Role of the Synthetic B1 Vitamin Sulbutiamine on Health
Role of the Synthetic B1 Vitamin on Health
Sulbutiamine is a thiamine derivative developed in Japan in the mid-60’s as a beriberi treatment drug. Since then, different potential applications have been described. For instance, there is some evidence that sulbutiamine can have anti-fatigue, nootropic, and antioxidant effects, which led to its use as a sport supplement (although some authors argue it is actually a masking doping strategy).
Moreover, this molecule has been proposed as a possible treatment for some microsporidial infections and even for certain types of cancer. Despite these potential effects, sulbutiamine is still a relatively unknown molecule, which justifies the present review, where we discuss its history and the existing literature on its health applications. We conclude that there is a great potential for sulbutiamine use, well beyond its first described function (to increase thiamine tissue concentration).
Indeed, new mechanisms of action have been found, mainly associated with its derivatives. Nevertheless, and although the research on sulbutiamine started 50 years ago, only a limited number of studies were conducted during this time frame. As so, methodological concerns need to be addressed and new studies are necessary, especially randomized controlled trials. Only then will the full potential of this versatile molecule be identified.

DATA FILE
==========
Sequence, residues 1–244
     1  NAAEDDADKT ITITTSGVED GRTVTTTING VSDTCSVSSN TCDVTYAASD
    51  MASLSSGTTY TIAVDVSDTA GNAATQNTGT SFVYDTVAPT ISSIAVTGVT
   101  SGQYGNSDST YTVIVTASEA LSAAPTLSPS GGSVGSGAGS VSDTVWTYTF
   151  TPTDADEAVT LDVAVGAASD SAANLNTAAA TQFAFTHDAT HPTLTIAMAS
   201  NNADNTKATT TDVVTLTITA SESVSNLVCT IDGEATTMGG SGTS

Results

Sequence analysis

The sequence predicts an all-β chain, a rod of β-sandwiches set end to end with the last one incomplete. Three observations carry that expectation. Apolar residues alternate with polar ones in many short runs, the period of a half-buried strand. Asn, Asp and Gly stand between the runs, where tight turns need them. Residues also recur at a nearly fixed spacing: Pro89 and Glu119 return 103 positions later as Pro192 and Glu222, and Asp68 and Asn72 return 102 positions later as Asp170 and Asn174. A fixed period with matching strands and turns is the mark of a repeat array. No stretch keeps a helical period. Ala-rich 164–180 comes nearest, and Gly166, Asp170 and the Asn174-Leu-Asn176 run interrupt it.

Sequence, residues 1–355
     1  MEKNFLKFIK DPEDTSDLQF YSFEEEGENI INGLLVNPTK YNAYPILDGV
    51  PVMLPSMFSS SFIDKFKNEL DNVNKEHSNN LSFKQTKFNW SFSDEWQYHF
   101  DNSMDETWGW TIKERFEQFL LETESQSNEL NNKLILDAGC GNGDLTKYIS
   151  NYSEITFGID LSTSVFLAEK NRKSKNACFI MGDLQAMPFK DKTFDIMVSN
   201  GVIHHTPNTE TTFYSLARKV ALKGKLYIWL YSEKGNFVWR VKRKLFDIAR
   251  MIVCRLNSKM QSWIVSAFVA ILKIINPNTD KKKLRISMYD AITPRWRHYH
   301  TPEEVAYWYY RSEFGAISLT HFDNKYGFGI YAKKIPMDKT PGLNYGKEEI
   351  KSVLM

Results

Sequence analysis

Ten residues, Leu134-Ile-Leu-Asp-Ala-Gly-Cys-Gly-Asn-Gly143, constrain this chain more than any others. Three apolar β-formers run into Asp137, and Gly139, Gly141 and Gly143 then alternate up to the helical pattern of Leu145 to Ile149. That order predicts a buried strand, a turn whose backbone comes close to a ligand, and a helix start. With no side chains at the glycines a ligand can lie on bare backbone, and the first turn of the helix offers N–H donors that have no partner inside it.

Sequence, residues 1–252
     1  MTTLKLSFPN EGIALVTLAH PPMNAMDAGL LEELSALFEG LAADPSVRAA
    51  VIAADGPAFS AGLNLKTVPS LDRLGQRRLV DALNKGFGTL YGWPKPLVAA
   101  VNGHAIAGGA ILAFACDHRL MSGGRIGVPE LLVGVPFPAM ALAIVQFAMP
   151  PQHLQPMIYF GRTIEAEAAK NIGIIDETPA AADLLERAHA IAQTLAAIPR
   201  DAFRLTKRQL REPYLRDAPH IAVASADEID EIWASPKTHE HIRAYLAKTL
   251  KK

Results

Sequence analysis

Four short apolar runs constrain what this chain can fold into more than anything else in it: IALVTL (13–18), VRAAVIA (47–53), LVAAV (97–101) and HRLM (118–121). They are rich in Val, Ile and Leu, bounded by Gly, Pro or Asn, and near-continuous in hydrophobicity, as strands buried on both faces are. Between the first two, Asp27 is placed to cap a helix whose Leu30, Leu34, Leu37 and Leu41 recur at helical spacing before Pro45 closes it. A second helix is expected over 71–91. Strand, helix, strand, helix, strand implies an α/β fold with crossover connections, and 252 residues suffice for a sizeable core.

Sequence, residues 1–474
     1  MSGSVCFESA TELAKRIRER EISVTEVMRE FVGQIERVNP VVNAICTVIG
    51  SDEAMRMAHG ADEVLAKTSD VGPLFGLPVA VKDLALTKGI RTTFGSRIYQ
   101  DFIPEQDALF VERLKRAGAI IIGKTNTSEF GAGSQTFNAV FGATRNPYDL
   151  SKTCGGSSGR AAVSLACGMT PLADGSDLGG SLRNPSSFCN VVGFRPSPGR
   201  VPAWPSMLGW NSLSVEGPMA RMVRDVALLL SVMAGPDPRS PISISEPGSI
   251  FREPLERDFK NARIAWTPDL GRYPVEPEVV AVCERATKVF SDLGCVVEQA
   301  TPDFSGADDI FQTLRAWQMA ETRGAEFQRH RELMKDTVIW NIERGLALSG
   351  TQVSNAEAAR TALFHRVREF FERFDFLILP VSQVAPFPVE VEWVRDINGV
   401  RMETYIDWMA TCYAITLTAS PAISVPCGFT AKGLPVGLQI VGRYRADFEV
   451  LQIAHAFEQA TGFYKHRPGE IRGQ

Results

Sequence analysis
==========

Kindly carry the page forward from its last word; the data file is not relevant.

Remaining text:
Casimir Funk – After reading an article by the Dutchman Christiaan Eijkman that indicated that persons who ate brown rice were less vulnerable to beri-beri than those who ate only the fully milled product, Funk tried to isolate the substance responsible, and he succeeded. Because that substance contained an amine group, he called it “vitamine”. It was later to be known as vitamin B3 (niacin), though he thought that it would be thiamine (vitamin B1) and described it as “anti-beri-beri-factor”. In 1911 he published his first paper in English, on dihydroxyphenylalanine.
Funk was sure that more than one substance like Vitamin B1 existed, and in his 1912 article for the Journal of State Medicine, he proposed the existence of at least four vitamins: one preventing beriberi (“antiberiberi”); one preventing scurvy (“antiscorbutic”); one preventing pellagra (“antipellagric”); and one preventing rickets (“antirachitic”). From there, Funk published a book, The Vitamines, in 1912, and later that year received a Beit Fellowship to continue his research.
Funk proposed the hypothesis that other diseases, such as rickets, pellagra, coeliac disease, and scurvy could also be cured by vitamins.